If you are swinging between carrots, tomatoes or spinach To accompany your next meal, go for greens. Researchers at the University of Vienna in Austria have discovered that when green vegetables are decomposed, they release something called sulfokinofose (SQ), a plant-derived sugar, which in turn provides essential food for good gut bacteria to feed on.
“for us Research SQ has been found to promote microorganisms in the gut that are known to be associated with healthy individuals,” says lead study author Buck Hanson, Ph.D. Specifically, SQ is broken down into acetate and hydrogen sulfide, which are metabolites that support the body in functions ranging from brain signaling. To regulating appetite to cardiovascular health, Hanson says. (To find out all this, scientists studied stool samples from a group of vegetarians—hello, plant feces—and worked their way back to work out the effect of SQ on gut microbes.)
The hard part: Researchers are still figuring out exactly how much green stuff you need to eat to get the best results that promote good gut bacteria.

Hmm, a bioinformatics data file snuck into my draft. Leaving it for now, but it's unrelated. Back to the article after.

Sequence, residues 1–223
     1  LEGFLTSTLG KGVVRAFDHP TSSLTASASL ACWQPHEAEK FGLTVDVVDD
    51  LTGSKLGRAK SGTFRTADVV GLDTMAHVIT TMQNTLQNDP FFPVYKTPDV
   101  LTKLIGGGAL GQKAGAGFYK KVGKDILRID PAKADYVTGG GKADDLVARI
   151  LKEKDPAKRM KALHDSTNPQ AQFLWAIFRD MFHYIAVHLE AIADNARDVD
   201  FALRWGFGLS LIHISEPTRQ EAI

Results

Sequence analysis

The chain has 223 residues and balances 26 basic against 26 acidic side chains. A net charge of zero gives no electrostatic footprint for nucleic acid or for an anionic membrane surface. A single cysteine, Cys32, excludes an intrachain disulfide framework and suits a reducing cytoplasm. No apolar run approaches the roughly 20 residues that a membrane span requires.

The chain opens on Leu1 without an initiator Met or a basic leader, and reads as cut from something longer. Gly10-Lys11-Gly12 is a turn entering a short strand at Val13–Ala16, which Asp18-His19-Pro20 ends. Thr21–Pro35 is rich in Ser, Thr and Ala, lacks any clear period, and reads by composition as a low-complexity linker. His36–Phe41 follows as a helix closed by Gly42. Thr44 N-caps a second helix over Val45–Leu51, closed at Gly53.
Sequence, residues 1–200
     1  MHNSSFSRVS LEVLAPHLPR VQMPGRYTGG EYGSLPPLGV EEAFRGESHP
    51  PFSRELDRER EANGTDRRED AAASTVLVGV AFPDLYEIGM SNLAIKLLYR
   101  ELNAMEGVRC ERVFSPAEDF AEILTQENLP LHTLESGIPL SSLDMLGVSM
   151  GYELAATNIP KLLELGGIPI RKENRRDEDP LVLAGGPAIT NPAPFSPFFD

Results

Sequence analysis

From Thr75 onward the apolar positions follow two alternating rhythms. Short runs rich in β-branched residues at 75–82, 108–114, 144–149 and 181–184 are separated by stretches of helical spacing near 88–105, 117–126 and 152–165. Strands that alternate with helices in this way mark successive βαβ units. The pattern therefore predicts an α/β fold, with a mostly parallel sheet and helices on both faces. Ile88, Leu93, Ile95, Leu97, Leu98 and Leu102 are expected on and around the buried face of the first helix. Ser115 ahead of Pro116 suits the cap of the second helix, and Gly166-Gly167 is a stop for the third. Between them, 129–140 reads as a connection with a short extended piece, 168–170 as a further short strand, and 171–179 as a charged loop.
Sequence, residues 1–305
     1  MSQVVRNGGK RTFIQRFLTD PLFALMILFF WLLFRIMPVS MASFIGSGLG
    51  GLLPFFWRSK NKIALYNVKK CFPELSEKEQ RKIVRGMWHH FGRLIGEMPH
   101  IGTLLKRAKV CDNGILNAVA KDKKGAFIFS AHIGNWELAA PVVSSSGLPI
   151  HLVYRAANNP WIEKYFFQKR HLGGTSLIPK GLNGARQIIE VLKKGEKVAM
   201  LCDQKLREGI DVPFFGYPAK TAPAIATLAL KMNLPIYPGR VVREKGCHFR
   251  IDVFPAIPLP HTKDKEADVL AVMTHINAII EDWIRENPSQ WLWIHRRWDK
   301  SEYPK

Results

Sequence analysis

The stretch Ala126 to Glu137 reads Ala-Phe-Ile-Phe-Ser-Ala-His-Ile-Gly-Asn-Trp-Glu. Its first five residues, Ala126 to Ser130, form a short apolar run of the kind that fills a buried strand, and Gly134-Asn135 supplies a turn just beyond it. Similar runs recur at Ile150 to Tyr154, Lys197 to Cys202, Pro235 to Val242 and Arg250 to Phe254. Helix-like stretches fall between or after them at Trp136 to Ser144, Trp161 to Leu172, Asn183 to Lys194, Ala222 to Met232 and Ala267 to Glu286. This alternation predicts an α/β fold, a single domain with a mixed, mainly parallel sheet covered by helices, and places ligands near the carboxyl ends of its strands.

“It’s too early to put a figure on the healthy level of SQ consumption,” says Hanson, who confirms that spinach contains the largest amount of SQ of all the leafy green options.
However, besides health-promoting microbes, “there are other obvious benefits of eating green vegetables, including their vitamin and mineral content, antioxidant properties, and dietary fiber.”
For SQ-loaded greens, try Swiss chard and Swiss cheese omelette for breakfast, add kale to your lunch salad or sandwich, and cook up a side of spinach with dinner.
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